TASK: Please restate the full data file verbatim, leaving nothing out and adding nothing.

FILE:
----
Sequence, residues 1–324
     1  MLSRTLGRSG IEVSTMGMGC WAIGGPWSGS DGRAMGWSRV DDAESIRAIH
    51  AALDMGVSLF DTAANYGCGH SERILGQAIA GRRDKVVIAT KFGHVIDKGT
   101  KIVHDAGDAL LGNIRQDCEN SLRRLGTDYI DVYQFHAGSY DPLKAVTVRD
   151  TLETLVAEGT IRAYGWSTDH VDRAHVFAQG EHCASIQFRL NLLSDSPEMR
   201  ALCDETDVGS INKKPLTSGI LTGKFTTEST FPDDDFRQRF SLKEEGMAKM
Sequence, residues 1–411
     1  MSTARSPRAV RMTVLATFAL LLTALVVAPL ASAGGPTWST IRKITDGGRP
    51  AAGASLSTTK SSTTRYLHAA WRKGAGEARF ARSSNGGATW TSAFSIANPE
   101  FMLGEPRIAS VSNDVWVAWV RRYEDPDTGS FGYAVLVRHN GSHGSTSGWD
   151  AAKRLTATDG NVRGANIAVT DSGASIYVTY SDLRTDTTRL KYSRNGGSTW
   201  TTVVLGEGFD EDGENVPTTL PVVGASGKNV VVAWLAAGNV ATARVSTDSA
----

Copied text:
Sequence, residues 1–324
     1  MLSRTLGRSG IEVSTMGMGC WAIGGPWSGS DGRAMGWSRV DDAESIRAIH
    51  AALDMGVSLF DTAANYGCGH SERILGQAIA GRRDKVVIAT KFGHVIDKGT
   101  KIVHDAGDAL LGNIRQDCEN SLRRLGTDYI DVYQFHAGSY DPLKAVTVRD
   151  TLETLVAEGT IRAYGWSTDH VDRAHVFAQG EHCASIQFRL NLLSDSPEMR
   201  ALCDETDVGS INKKPLTSGI LTGKFTTEST FPDDDFRQRF SLKEEGMAKM
Sequence, residues 1–411
     1  MSTARSPRAV RMTVLATFAL LLTALVVAPL ASAGGPTWST IRKITDGGRP
    51  AAGASLSTTK SSTTRYLHAA WRKGAGEARF ARSSNGGATW TSAFSIANPE
   101  FMLGEPRIAS VSNDVWVAWV RRYEDPDTGS FGYAVLVRHN GSHGSTSGWD
   151  AAKRLTATDG NVRGANIAVT DSGASIYVTY SDLRTDTTRL KYSRNGGSTW
   201  TTVVLGEGFD EDGENVPTTL PVVGASGKNV VVAWLAAGNV ATARVSTDSA